That aside, the encouraging of mergers is a good thing (and far better than bailing out financial institutions or nationalising them) and the co-ordinated liquidity pumping by the central banks (making sure the patient has enough water) seems to have gone well.

We now have to wait for the fever to subside. There will be more mini-crises throughout 2009, in my view, but this might be, as Churchill said of the Battle of Britain, the end of the beginning.

18 September, 2008

Jimi


Today marks the anniversary of the death in 1970 of Jimi Hendrix. Incredible to think it is 38 years since he played.


Hendrix died only three years after his first record came out, but in those three years he revolutionised rock music.

17 September, 2008

US Elections

Irwin Stelzer in today's Telegraph

'So sit back and enjoy the show. It is far more entertaining, and certainly more democratic, than waiting for the defenestration of a prime minister by a cabal of his colleagues.'

16 September, 2008

Sharia and you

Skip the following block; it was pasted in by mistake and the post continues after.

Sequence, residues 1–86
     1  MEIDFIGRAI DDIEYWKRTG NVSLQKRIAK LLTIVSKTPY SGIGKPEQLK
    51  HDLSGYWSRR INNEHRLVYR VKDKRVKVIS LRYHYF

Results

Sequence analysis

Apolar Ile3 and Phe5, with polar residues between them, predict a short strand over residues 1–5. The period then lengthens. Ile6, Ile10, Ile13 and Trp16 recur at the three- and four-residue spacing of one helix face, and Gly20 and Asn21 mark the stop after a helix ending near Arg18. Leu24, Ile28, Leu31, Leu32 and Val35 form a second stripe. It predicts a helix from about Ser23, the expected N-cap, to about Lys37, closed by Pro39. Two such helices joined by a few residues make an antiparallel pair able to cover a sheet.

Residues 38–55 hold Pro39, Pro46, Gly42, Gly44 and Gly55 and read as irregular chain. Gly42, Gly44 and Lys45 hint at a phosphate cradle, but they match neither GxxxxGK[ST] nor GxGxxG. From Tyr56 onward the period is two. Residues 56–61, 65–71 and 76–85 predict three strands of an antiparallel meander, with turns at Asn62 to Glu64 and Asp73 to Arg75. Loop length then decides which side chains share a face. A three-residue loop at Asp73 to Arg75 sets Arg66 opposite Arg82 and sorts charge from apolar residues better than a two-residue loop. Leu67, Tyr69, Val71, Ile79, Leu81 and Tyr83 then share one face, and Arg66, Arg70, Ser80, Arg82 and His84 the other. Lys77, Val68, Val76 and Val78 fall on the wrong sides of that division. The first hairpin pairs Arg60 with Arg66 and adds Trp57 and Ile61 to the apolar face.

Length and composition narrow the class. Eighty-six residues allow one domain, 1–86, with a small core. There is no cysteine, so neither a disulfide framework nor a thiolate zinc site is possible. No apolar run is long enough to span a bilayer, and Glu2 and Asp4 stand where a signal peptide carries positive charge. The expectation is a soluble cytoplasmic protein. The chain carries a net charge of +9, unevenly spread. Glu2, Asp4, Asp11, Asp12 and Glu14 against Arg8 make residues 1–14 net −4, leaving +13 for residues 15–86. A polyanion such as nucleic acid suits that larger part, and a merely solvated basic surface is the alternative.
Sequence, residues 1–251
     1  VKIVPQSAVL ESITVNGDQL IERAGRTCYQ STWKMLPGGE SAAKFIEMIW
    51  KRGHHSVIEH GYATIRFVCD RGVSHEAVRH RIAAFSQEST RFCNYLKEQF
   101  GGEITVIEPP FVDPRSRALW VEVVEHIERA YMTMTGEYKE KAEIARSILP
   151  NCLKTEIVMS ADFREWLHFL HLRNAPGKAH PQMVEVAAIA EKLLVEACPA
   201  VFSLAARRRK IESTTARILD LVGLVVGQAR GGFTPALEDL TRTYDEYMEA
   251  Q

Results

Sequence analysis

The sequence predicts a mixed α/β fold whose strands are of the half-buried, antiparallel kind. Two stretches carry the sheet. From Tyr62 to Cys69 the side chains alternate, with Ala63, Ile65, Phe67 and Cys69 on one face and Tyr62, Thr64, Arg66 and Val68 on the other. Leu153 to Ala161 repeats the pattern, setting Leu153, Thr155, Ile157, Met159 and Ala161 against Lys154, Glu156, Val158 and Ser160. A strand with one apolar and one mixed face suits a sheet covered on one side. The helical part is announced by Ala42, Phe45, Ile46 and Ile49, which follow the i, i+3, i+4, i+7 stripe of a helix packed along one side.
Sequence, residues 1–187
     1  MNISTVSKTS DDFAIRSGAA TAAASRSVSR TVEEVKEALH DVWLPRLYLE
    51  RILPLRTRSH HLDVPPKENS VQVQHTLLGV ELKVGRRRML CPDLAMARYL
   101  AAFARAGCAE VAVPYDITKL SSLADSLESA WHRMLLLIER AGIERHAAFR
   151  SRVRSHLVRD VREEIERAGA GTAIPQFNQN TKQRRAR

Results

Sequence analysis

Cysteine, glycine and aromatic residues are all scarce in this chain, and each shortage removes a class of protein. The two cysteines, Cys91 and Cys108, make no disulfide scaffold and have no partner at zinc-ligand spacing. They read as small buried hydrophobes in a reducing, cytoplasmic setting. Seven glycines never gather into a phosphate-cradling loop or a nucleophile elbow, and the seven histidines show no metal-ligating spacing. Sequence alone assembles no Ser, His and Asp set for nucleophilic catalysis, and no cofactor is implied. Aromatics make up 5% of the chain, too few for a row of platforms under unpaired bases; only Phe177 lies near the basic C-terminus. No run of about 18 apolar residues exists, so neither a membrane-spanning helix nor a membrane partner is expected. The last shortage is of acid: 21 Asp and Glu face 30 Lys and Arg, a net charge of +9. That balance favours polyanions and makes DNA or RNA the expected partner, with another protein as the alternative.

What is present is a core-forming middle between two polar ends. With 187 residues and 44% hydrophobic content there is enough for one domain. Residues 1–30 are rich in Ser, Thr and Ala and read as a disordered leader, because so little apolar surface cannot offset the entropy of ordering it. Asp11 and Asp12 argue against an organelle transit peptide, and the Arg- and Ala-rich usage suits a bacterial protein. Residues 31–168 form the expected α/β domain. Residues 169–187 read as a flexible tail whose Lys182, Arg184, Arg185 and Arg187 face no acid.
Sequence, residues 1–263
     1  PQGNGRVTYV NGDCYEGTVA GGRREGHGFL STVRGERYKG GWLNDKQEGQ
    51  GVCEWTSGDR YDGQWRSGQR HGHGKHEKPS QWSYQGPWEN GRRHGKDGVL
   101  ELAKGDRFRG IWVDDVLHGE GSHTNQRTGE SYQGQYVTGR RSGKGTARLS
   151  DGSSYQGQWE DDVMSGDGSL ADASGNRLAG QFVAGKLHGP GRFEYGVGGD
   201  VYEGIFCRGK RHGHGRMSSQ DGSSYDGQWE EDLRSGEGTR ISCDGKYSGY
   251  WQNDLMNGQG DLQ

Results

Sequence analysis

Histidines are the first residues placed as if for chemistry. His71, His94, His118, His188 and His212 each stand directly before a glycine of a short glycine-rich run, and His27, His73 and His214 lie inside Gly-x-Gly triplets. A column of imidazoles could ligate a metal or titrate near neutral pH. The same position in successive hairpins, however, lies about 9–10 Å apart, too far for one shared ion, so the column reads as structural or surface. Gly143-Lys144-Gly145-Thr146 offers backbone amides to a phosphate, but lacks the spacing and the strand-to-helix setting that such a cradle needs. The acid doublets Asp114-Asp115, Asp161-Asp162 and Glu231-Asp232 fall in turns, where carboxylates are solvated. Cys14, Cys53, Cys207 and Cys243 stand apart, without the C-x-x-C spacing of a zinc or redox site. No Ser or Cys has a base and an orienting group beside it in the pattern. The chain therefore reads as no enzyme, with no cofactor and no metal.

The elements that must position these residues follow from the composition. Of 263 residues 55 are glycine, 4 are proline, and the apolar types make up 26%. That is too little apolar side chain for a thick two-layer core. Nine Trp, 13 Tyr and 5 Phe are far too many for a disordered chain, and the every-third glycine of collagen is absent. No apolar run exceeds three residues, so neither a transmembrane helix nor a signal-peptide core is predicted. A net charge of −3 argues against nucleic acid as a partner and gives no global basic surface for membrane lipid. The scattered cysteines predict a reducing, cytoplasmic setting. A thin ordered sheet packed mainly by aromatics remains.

I must draw your attention to three unconnected news stories. First, from the Daily Telegraph:

‘Five sharia courts have been set up in London, Birmingham, Bradford and Manchester and Nuneaton, Warwickshire. The government has quietly sanctioned that their rulings are enforceable with the full power of the judicial system, through the county courts or High Court. Previously, the rulings were not binding and depended on voluntary compliance among Muslims.’

Second, again from the Daily Telegraph

Sheikh Muhammad Munajid claimed the mouse is "one of Satan's soldiers" and makes everything it touches impure.

But he warned that depictions of the creature in cartoons such as Tom and Jerry, and Disney's Mickey Mouse, had taught children that it was in fact loveable.

"Mickey Mouse has become an awesome character, even though according to Islamic law, Mickey Mouse should be killed in all cases."

Third, from Yahoo News:
In 2007, a Mickey Mouse clone named "Farfour" was used in the Tomorrow's Pioneers television series, on the official Hamas TV station, to educate children. Farfour has stated such things as: "You and I are laying the foundation for a world led by Islamists" and "We will return the Islamic community to its former greatness, and liberate Jerusalem, God willing, liberate Iraq, God willing, and liberate all the countries of the Muslims invaded by the murderers.’

It all bears thinking about, doesn’t it?

13 September, 2008

spag bog


We learn that schoolchildren are to receive cookbooks under a new initiative. I am absolutely in favour of this, but surely a modicum of rigour is required in academic institutions, even with a publicity seeking initiative organised by the awful Ed 'Blinky' Balls.